Life often seems unfair. We all face situations in which someone harms or wrongs us, either intentionally or accidentally. We may be struggling with unfairness or injustice in relation to:
- A person who has caused us or someone close to us injury or pain.
- An injury or illness that has made an impact on our lives.
- A boss or co-workers.
- A spouse or significant other.
- Family members or friends.
We respond to injustice in any number of ways – with anger, frustration, sadness, confusion, depression, shame. Sometimes we direct our rage at the person or situation that we believe has wronged us. We do damage to ourselves and to our loved ones. If we don’t deal with these emotions, they can grow until they take up so much room in our minds and souls that they become obstacles in our lives.
A wise person once told me that holding on to a grudge or resentment is like drinking poison and hoping that the other person dies. The poison rots our spirit while the other person goes about her merry way.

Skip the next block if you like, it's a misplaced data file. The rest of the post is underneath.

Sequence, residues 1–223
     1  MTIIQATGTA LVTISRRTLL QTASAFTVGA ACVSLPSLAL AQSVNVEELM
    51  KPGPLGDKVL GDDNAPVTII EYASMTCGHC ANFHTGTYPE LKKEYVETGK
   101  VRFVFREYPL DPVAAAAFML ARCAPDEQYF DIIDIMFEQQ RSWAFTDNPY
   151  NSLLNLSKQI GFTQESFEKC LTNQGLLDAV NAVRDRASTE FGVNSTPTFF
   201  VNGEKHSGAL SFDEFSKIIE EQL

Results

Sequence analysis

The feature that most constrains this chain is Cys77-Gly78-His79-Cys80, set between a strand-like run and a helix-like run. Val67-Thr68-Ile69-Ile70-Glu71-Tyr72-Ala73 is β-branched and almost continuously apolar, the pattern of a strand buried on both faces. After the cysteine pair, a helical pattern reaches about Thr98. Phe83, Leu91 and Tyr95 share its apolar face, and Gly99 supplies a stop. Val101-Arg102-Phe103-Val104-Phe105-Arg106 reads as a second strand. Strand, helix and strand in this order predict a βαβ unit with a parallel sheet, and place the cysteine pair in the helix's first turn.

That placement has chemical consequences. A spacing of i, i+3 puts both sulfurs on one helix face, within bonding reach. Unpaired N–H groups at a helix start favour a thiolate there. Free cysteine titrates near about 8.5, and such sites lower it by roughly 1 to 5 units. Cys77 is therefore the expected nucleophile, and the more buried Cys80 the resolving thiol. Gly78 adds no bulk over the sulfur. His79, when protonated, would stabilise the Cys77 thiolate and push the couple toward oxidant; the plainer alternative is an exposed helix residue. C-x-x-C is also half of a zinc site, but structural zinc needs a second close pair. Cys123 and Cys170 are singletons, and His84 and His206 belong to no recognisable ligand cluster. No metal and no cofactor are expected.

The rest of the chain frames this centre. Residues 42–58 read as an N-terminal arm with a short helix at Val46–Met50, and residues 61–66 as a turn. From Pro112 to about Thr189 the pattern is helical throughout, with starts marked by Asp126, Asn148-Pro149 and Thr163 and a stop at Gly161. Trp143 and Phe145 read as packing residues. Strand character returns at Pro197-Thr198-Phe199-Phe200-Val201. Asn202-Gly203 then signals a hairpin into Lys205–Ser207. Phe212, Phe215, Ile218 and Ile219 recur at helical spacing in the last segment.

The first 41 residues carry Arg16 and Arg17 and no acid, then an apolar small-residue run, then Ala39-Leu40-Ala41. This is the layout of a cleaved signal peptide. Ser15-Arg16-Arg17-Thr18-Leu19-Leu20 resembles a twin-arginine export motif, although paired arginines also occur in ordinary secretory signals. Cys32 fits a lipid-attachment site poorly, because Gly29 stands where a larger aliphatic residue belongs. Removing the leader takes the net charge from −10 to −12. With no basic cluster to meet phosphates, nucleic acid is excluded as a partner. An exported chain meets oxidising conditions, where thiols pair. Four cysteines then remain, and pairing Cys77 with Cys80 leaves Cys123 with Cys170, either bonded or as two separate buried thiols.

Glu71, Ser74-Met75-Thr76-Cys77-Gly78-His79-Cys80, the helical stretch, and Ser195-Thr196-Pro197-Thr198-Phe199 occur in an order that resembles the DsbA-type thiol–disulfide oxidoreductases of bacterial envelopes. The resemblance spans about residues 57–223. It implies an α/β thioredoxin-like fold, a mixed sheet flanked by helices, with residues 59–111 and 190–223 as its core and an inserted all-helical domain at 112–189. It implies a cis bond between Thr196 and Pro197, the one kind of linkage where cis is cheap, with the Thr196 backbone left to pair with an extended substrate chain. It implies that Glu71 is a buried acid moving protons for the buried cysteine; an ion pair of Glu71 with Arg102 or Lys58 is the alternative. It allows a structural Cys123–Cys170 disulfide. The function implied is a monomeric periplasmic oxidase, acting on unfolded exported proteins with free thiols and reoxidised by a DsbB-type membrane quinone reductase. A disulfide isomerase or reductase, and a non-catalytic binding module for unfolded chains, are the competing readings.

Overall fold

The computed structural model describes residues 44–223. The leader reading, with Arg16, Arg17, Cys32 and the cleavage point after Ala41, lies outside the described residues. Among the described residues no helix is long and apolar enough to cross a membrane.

Forgiveness can be the cure. Learning to forgive those who hurt us can help us move past painful emotions and face the future with a lighter, more hope-filled spirit. We can follow the lead of Jesus, who healed the sick and forgave sinners. We can look to the model of God, who forgives us time and again. We can heal ourselves by forgiving others.
We will be talking a lot about forgiveness in the coming weeks. Lent is a time of repentance, a time to ask God to forgive us for the things we have done wrong. It can also be an opportunity for us to forgive others and ourselves.
All so the healing can begin.
— Pastor Gage